11/9 was momentous in many ways. It was momentous to me as an Indian, that finally a big step was taken to do away with corruption. Corruption has seeped through the Indian way of life so deeply that it is rusting and corroding morals, principals and ideas. The step taken is inconvenient in the extreme short term, but, it will finally do away or bring to light the corrupt folks and their “black” money. But I am not here to talk about that as much as about the elections held in the country I’ve been living in for the last 7.5 years.
Yes, it was devastating. I have never been so personally invested or interested in election outcomes and as I sat agape staring at the numbers before me, I could not understand. I went through all the stages of grief -anger, denial, sadness and so on. I couldn’t even muster myself to sleep. I was devastated that a woman had failed to break the glass ceiling. But I was more upset that the opponent was who he is. Over the last six months or so, the Republican candidate was called thoroughly incompetent and other nasty adjectives. His debate performances just made interesting television and drew laughter from the educated,literate crowd. I never in my wildest dreams expected him to win. It would be closely contested I thought, but winning, not a chance.
Now that slowly everyone is accepting the reality of what has happened and articles upon articles emerge trying to assuage the public and heal their wounds, it has brought out the hordes of trump supporters in all their glory and they deserve to be heard. I have had the opportunity to travel and work in the “rust-belt” that seems so different from the world that my family, friends, co-workers and I inhabit and I think I deserve to describe the little I saw.
The whole area seems to be stuck in time, a once-glorious past, full of dilapidated buildings, rusting plumbing, potholed roads, faded neon signs and old-dented scratched cars. You felt you went back in time to an America that hasn’t caught up with its coastal developed belts. The houses look shabby and run-down save for some posh neighborhoods and bars are always full, even at noon on a workday. Chimneys poke through the skyline, all in different stages of ruin, full of graffiti, no longer functional. There are hundreds of restaurants that don’t understand the concept of vegetarianism. I have seen Walmarts with no vegetable or produce sections.This exists, today, in parallel to the swanky neighborhoods of the silicon valley and the skylines of Manhattan. People have old-fashioned ideas of the roles of man and woman, do not believe in travelling far and wide and college education seems a rarity. I have interacted with these folks who disregard the ideas or even the presence of a woman in their midst, because she is a woman. Call them misogynist if you will, but in reality, they have much bigger problems to deal with. Can you imagine the quality of education they receive? What is their stimulus to change? I can see in my mind’s eye, how his campaign would have appealed to them. Clinton was realistic in not promising all the lost jobs or reversing globalization. He wasn’t but his message was simpler, more directed to this demographic and it paid off. They live in a world where unemployment and worry about having enough to feed their family and pay off their mortgage lies foremost on their mind. Misogyny, racism comes afterward.On my coast-to-coast road trip, this was more than evident. The inner-cities have indeed fallen behind. Globalization might have brought in more material goods and made movement of items easier, but their life has seen a downfall and it is easy to see their contempt and anger against the system. They look for anyone, just anyone who might fight for their cause, his personal digressions and character flaws mean nothing to those who struggle to earn, live and eat everyday. This America is not very visible to the rest of the world, but it exists. It shocked me the first time I visited too. I realized the slim bubbles or fragile walls that separate my world from theirs. It felt like a different place. It is.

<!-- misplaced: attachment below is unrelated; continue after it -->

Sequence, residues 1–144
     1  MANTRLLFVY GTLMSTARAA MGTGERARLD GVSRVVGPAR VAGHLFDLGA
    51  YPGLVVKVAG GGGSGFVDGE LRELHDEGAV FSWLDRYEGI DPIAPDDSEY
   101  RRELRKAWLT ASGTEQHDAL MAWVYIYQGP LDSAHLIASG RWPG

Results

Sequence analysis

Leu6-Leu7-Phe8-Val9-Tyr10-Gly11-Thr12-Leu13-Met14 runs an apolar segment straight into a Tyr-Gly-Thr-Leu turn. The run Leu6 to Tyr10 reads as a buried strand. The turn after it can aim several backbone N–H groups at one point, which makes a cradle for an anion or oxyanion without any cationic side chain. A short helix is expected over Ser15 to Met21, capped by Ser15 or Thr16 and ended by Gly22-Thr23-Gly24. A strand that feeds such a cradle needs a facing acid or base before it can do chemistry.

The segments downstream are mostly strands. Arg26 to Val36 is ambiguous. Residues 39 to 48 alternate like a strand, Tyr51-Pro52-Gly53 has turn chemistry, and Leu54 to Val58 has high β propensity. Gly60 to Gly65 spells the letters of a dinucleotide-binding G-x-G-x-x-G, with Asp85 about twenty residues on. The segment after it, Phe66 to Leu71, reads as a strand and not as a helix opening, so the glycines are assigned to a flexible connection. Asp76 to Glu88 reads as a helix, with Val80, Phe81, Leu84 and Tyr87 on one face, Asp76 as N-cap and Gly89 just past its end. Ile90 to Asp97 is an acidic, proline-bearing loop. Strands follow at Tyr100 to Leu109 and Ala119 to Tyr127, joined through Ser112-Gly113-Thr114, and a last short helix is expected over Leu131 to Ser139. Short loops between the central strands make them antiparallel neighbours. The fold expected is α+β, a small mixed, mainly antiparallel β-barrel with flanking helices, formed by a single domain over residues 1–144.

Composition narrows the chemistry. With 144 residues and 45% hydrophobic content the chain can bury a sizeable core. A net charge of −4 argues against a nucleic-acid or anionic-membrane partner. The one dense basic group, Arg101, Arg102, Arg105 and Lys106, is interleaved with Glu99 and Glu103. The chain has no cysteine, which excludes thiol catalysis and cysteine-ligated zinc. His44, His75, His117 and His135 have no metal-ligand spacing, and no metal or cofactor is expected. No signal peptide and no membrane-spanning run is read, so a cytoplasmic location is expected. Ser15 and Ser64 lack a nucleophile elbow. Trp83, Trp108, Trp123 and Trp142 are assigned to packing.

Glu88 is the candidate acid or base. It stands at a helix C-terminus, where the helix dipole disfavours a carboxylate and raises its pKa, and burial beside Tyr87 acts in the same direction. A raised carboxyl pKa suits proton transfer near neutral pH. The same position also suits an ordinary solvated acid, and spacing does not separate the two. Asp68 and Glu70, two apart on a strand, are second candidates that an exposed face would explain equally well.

My anger is directed towards the newspapers and media outlets. It is normal for media houses to take sides but just showing one side of the coin is akin to brainwash. An avid consumer of everything printed – from the New York Times, The New Yorker, Washington Post and other publications who are described as liberals, I feel cheated. It is alright to publish opinions and ideas of left-liberals and denigrate a republican candidate who shows no regard for public decency or political correctness, but the other side should also be shown. Name-calling, adjective writing is one thing, but media outlets have a responsibility to present the reality to society and not just print what like-minded individuals want to read or see. It is uncomfortable for sure, but it gives the right picture. If I believed everything I had read, I would have assumed there was absolutely no one who was on Trump’s side and that such a vile, idiotic,corrupt individual should not even be allowed to venture close to policy-making, let alone represent a major political party. Had I not been to the inner cities myself, I would have never had that iota of suspicion that he does have takers and his words are finding support in some parts of this country.
I think it is time to move past this and move forward. It would be interesting to see what powers a President can yield and the system of checks and balances that exist in this country that would prevent any disastrous outcomes. This election has brought to light the stark differences in mindset, economy and ideals that exist in this country. It is time to accept , bring to light and work on the gigantic flaws of racism, poverty, misogyny hiding in plain sight in this global powerhouse.